Monday, May 11, 2009


     People who have known me a long time and people who just meet me and hear my story, about having been released a few months ago from Folsom State Prison after a 12 year sentence, both ask the same basic question. "How did you do it?" Meaning, how did I survive, how did I keep my sanity, how did I come out strong and creative and happy? 

Well this is, as always, one basic simple answer: I built up a very powerful inner life to deal with the debilitating, dehumanizing, destructive physical reality all around me. 

And while I had stumbled off my chosen path in life for a few years, largely due to the
emotional/mental damage being done by a nutritional product that was legal and thought safe at the time, I found myself back to my old mental state and creative capacity once I was in prison and unable to get any kind of nutritional products, good or bad. That may have saved my life, as I also developed a heart condition, atrial fibrillation, after five years on that unhealthy health product (it contained huge amounts of ephedra, the primary building block of methamphetamine--and I only realized it was the culprit two years into my sentence when I compared notes and symptoms with my meth-addict cellmate.) 

So it all comes down to perspective. One way to look at it was to bemoan my fate, "Oh
woe is me, how could my life have gone so wrong as to end up broke and in prison?"
Another way was to see this as a temporary aberration, as was my dumb crime of trying to hijack a motorhome, and prepare for the return to normalcy and a productive, creative, loving, healthy life.  Viktor Frankl, in his masterpiece, MAN'S SEARCH FOR MEANING, about his concentration camp imprisonment by the Nazis, said that what destroyed hope most among the prisoners was not knowing when they would get out, of if they ever would get out. Not having a release date, something to look forward to.
Well, while my release date was 12 years away, it was there and I could focus how to work my way toward making it a good time to be free and alive. 

I don't really think my harebrained scheme to steal a motorhome and live in it was a cry for help--I don't think I was self-aware enough at the time for that. It was just the good fortune I had enjoyed most of my life finally catching up with me. Before the so-called health product killed me as ephedra did a number of people before it was banned, before my brain cells were
totally scrambled on a permanent rather than temporary basis, and before I graduated to more self-destructive acts.  Yes, I spent 12 years in prison, but the alternative might have been a lot worse. I don't know that for a fact, but think about this for a moment--isn't my imagining it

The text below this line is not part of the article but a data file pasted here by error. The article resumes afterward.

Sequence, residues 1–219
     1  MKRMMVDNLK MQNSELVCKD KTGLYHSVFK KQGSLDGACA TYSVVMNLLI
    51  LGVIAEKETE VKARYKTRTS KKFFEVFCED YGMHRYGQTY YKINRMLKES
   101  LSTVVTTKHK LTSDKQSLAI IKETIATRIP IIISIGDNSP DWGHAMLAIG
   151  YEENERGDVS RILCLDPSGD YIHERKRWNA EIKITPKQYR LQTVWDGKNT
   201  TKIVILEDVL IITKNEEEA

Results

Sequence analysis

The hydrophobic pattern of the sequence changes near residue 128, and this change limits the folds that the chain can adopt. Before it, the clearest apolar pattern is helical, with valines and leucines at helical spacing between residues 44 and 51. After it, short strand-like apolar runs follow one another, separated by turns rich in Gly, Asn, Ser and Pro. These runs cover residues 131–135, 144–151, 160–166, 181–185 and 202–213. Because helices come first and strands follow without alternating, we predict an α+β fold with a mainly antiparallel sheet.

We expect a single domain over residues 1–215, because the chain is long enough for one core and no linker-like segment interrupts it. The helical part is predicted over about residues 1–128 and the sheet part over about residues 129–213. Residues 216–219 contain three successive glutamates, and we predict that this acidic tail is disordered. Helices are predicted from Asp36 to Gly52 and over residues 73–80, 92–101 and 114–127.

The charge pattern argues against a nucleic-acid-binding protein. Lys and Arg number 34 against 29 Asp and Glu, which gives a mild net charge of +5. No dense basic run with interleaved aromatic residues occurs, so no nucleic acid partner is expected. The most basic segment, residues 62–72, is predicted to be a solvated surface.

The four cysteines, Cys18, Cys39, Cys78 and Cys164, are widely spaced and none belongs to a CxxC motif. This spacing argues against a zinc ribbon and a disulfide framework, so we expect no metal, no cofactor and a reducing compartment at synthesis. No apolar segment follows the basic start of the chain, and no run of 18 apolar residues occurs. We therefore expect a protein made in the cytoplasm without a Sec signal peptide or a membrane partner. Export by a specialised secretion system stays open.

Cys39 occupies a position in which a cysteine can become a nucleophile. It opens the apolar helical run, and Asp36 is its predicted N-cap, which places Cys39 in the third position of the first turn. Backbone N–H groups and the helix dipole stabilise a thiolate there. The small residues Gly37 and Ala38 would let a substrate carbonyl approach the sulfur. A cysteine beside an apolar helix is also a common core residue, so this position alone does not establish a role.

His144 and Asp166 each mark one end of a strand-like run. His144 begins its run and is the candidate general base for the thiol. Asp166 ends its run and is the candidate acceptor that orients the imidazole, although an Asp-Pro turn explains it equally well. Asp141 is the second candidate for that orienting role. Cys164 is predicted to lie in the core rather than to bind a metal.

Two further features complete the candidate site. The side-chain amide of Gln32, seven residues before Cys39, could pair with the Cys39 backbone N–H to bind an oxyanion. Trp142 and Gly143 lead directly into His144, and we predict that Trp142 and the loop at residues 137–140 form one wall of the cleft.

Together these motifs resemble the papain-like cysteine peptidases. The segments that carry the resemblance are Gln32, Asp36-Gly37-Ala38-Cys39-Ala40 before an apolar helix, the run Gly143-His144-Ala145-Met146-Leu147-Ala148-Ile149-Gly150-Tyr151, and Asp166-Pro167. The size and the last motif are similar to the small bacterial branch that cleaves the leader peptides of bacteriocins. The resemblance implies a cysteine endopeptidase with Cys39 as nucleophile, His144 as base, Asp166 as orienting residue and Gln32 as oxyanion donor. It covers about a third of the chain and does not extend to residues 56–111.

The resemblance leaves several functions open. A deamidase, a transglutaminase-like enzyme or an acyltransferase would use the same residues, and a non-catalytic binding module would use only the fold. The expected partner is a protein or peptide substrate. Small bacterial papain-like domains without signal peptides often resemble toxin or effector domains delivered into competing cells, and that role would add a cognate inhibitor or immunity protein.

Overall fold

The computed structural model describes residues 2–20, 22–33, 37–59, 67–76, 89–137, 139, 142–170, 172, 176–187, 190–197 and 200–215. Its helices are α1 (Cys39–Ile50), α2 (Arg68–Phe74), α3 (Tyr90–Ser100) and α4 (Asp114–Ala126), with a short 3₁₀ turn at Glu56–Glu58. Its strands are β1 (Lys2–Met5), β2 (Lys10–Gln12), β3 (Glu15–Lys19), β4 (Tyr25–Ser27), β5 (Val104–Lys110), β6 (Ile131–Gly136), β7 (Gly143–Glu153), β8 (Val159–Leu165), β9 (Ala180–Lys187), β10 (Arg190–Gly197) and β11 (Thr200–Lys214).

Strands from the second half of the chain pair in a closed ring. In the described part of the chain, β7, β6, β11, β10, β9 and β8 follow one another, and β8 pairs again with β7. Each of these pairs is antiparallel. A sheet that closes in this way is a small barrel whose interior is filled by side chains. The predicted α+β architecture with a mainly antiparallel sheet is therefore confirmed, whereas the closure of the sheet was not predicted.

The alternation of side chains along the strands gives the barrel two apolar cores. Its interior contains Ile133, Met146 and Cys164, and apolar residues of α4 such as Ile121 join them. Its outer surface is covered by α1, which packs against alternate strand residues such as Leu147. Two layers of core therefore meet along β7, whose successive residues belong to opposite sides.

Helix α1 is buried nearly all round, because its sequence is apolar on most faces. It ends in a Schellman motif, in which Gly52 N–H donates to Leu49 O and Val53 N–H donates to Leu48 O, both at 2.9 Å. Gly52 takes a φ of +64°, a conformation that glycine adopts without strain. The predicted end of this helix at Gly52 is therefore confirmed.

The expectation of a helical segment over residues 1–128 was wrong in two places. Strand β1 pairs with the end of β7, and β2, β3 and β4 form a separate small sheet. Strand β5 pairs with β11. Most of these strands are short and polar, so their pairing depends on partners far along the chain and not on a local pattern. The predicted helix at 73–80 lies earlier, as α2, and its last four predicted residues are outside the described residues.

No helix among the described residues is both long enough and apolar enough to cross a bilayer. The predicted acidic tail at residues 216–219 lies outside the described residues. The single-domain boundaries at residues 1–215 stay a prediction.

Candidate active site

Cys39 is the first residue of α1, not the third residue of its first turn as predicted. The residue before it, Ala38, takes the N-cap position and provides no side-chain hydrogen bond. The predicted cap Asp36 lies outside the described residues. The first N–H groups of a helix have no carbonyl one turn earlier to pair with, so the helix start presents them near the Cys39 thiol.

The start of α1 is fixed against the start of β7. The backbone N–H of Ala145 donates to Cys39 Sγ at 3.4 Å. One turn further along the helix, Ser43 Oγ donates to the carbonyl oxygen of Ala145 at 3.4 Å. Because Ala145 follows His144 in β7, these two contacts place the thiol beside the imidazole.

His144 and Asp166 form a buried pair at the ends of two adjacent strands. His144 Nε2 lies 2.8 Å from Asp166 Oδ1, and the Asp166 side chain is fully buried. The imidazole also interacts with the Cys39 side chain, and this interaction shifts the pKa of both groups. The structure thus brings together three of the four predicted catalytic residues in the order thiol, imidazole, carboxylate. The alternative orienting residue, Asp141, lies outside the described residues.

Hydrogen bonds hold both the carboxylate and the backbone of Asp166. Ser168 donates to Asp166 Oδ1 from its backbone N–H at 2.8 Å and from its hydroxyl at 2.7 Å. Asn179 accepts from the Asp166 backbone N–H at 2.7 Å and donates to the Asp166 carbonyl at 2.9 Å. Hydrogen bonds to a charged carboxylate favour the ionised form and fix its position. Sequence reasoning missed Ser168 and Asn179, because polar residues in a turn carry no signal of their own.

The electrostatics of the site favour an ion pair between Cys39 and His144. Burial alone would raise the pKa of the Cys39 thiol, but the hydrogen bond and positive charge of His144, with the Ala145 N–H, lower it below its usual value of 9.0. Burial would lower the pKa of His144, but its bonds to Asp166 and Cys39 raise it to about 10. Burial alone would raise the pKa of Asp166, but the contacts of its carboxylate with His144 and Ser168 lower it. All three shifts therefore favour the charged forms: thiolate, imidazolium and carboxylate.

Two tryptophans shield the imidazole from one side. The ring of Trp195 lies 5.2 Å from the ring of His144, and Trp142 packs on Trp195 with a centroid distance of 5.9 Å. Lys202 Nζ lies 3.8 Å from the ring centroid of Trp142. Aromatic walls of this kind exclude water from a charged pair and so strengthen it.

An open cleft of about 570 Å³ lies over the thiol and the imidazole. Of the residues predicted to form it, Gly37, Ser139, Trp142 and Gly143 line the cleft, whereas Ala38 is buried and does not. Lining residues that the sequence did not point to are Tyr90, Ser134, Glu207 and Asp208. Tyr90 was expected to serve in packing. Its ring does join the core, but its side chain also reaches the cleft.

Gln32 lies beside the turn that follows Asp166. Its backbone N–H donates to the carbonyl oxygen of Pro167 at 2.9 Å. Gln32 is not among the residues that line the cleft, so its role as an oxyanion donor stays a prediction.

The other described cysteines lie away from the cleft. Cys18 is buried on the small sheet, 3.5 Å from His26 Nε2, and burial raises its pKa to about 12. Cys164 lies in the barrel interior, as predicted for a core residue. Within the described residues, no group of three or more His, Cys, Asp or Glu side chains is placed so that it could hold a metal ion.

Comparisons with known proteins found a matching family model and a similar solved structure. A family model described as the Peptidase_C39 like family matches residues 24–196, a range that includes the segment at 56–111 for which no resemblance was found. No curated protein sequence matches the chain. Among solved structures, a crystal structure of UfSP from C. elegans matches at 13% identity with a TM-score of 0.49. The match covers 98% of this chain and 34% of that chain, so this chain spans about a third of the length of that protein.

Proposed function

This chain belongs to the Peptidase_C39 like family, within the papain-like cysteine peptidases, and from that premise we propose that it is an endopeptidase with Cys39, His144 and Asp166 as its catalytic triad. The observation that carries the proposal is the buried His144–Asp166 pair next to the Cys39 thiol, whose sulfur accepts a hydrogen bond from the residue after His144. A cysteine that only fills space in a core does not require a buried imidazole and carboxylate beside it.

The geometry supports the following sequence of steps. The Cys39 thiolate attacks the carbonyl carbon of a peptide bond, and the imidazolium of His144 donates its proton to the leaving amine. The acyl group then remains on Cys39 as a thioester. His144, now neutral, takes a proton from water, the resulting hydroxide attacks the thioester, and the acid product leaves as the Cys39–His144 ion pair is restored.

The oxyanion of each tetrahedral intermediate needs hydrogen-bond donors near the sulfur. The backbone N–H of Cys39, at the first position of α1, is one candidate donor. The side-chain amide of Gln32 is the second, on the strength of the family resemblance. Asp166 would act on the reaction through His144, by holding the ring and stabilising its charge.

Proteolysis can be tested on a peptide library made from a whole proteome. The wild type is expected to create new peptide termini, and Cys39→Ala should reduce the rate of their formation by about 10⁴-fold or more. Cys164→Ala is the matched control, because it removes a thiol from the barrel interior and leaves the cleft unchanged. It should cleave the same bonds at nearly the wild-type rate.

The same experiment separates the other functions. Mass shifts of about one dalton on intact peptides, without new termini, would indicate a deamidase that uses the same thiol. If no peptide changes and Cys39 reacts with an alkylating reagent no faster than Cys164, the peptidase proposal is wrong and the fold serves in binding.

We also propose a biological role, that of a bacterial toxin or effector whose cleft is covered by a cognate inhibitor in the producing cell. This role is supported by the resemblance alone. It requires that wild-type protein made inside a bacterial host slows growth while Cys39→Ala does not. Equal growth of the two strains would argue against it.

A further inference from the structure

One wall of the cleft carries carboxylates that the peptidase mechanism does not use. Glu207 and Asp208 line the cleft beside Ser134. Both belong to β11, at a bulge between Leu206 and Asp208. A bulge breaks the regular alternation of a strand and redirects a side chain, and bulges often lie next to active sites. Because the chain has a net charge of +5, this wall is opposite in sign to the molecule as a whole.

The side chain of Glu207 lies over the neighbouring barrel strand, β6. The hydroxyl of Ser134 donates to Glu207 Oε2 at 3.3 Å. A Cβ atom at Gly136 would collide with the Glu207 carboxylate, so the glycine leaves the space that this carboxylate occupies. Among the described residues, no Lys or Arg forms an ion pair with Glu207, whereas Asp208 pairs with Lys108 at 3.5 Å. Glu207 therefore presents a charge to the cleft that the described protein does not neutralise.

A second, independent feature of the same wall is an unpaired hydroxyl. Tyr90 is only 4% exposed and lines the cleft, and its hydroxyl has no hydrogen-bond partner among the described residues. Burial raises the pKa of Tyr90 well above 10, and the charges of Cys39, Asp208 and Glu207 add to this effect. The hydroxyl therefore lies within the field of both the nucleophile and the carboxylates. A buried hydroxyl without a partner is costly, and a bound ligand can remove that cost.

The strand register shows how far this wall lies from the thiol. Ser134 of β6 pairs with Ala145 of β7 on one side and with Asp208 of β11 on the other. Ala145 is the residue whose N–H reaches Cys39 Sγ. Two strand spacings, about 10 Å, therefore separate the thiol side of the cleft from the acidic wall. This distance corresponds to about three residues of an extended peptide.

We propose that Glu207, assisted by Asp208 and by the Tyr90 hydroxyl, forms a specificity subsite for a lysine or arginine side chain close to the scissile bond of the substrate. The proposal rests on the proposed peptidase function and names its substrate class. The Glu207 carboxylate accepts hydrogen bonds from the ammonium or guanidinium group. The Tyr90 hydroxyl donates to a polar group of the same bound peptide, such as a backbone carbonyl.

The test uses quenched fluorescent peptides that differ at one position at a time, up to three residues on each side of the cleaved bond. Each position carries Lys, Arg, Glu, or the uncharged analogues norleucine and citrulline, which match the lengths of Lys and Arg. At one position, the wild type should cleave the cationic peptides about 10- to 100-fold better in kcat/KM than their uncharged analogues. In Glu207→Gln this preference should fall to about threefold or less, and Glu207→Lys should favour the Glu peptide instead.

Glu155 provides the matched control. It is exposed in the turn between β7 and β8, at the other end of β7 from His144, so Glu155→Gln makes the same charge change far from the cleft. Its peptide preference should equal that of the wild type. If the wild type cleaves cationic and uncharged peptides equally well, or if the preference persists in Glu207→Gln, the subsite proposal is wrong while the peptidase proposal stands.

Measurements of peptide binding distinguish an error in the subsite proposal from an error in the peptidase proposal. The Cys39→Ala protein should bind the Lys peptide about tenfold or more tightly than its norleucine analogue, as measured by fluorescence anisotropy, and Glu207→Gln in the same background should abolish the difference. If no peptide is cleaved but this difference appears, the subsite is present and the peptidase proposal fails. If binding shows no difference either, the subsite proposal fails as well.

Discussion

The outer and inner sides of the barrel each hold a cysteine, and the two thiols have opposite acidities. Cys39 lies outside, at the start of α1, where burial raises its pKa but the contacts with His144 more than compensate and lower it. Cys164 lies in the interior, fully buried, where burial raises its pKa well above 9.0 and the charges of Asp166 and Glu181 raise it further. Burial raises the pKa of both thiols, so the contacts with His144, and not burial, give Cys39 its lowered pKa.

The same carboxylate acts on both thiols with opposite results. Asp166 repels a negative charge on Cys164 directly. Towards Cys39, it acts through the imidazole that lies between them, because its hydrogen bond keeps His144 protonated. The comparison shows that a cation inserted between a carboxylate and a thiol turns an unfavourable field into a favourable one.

was a fact a lot healthier, more life-affirming way of looking at the situation?

Though sometimes it is hard to see, we always have choices when it comes to how we view what is happening in our lives. The whole underlying theme of human psychology is realizing that
what matters is not what happens to us, but how we choose to view it, to react to it, to remember it.

I was so blessed to have so much training and practice in doing inner work, in meditating,
using affirmations, journaling, reading positive books, being able to focus my imagination like a laser beam. And choosing to see the humor in it all. The staff members and corrections officers really were like the old silent film Keystone Cops. Limited in intelligence and education and any kind of mental challenge in their work, their brains atrophied, and there were daily laughable demonstrations of this. Sure some were sadists and most treated inmates like animals and part of a hated group of "others," as has often been done in totalitarian countries.
We weren't individuals, we were collective scumbags. The few officers who didn't buy into this
view soon left the Department of Corrections, some even committed suicide.

I've never believed that you had to experience great pain and suffering and adversity in order to be successful and have a happy life. But there's no doubt that prison is a masterful teacher of what is really important and profound in life. And its greatest lesson is that human beings have the internal capacity to triumph over evil in all its subtle and not-so-subtle forms. Whether it's
an abiding faith in a higher power, or the picture of an exotic breed of pet chicken that one of my cellmates at San Quentin kept on the wall, something outside ourselves can always keep us going,  And where it keeps us going is inside, to that deep reservoir we all have of vast wisdom and eternal optimism that distinguishes us from every other species.

To find out more about Jerry's healthy dark chocolate venture, in which you can work with him to achieve substantial residual income, get in touch at, or check out the short video at his website,

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